An important part of any script is error checking. Error checking allows your programs to gracefully identify any issues that arise during execution and take the appropriate action. Another best practice is to define variables before you use them and clean them up after you are done with them. In this book, most of the programmatic solutions do not include any error checking, predefined variables, or variable clean up. Admittedly, this is not setting a good example, but if we included extensive error checking and variable management, it would have made this book considerably longer with little added value to the reader. Again, the goal is to provide you with a code snippet that shows you how to accomplish a task, not provide robust scripts that include all the trimmings.

Error checking with VBScript is pretty straightforward. At the beginning of the script include the following declaration:

	On Error Resume Next

This tells the script interpreter to continue even if errors occur. Without that declaration, anytime an error is encountered the script will abort. When you use On Error Resume Next, you need to use the Err object to check for errors after any step where a fatal error could occur. The following example shows how to use the Err object.

	On Error Resume Next
	set objDomain = GetObject("LDAP://dc=rallencorp,dc=com")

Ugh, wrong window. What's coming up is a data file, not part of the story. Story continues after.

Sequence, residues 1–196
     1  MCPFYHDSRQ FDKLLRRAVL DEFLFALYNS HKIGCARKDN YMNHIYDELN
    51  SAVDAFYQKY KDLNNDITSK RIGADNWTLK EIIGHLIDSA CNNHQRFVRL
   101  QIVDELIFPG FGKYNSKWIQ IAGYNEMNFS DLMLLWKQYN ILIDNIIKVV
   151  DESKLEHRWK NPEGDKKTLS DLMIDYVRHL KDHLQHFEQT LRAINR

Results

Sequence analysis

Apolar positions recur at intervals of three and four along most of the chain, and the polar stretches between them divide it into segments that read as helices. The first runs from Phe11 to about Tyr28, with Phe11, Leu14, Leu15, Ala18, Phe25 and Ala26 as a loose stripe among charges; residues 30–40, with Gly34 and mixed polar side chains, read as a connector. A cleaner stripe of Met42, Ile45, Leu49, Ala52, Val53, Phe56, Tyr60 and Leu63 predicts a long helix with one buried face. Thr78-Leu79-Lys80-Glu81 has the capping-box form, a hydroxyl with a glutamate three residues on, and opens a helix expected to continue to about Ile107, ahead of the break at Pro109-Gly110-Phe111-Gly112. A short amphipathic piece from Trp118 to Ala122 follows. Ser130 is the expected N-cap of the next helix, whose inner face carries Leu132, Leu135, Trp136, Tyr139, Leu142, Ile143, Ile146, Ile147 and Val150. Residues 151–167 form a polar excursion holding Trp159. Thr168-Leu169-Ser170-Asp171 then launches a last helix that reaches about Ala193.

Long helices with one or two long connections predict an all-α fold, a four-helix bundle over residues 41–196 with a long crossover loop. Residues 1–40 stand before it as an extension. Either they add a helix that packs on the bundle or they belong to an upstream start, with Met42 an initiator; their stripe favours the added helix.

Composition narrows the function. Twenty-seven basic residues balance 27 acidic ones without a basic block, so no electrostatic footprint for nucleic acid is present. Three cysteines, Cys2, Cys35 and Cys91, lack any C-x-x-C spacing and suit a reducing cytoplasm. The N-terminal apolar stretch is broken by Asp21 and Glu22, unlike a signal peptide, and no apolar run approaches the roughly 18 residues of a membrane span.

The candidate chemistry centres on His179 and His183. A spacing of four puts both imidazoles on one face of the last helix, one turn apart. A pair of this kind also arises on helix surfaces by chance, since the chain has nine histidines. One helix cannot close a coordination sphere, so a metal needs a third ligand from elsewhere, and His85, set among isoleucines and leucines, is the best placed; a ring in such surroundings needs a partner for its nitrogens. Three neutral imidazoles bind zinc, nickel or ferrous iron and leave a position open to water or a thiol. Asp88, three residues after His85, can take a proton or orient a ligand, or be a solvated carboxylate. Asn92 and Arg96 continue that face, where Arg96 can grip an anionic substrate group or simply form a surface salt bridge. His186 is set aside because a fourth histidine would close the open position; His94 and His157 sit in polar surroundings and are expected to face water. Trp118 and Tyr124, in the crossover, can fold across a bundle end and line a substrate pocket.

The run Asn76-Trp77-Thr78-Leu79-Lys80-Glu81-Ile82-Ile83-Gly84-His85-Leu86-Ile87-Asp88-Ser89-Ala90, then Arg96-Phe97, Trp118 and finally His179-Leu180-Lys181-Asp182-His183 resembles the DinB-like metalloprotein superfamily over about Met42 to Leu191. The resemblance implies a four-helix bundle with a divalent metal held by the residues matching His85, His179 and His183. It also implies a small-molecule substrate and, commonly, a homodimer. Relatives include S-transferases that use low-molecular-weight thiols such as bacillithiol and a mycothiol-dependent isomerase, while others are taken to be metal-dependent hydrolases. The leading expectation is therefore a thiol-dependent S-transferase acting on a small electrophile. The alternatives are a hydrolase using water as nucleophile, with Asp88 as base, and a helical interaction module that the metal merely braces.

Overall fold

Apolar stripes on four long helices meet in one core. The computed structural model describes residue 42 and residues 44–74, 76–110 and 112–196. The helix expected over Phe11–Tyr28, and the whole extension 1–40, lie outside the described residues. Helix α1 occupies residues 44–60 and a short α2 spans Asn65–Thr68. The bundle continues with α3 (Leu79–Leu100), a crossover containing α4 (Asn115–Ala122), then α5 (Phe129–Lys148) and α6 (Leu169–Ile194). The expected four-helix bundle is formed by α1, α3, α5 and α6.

if Err. 
Number <> 0 then
	   Wscript.Echo "An error occured getting the domain object: " & Err. 
Description
	   Wscript.Quit
	end if

Two important properties of the Err object are Number, which if nonzero signifies an error, and Description, which will contain the error message.

As far as variable management goes, it is always a good practice to include the following at the beginning of every script:

	Option Explicit

When this is used, every variable in the script must be declared or an exception will be generated when you attempt to run the script. Variables are declared in VBScript using the Dim keyword. After you are done with a variable, it is a good practice to set it to Nothing so you release any resources bound to the variable, and don't accidentally re-use the variable with its previous value. The following code shows a complete example for printing the display name for a domain with error checking and variable management included:

	Option Explicit
	On Error Resume Next

	Dim objDomain
	set objDomain = GetObject("LDAP://cn=users,dc=rallencorp,dc=com")
	if Err.Number < 
> 0 then
	   Wscript.Echo "An error occured getting the domain object: " & Err.Description
	   Wscript.Quit
	end if

	Dim strDescr
	strDescr = objDomain.Get("description")
	if Err.Number <> 0 then
	   Wscript.Echo "An error occured getting the description: " & Err.Description
	   Wscript.Quit
	end if

	WScript.Echo "Description: " & strDescr

	objDomain = Nothing
	strDescr = Nothing



 Python   SQL   Java   php   Perl 
 game development   web development   internet   *nix   graphics   hardware 
 telecommunications   C++ 
 Flash   Active Directory   Windows